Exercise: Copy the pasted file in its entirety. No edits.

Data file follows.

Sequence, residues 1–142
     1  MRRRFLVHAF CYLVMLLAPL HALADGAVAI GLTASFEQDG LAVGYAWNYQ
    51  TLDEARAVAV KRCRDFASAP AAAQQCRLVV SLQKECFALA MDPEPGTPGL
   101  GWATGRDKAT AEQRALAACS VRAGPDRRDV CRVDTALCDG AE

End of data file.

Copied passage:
Sequence, residues 1–142
     1  MRRRFLVHAF CYLVMLLAPL HALADGAVAI GLTASFEQDG LAVGYAWNYQ
    51  TLDEARAVAV KRCRDFASAP AAAQQCRLVV SLQKECFALA MDPEPGTPGL
   101  GWATGRDKAT AEQRALAACS VRAGPDRRDV CRVDTALCDG AE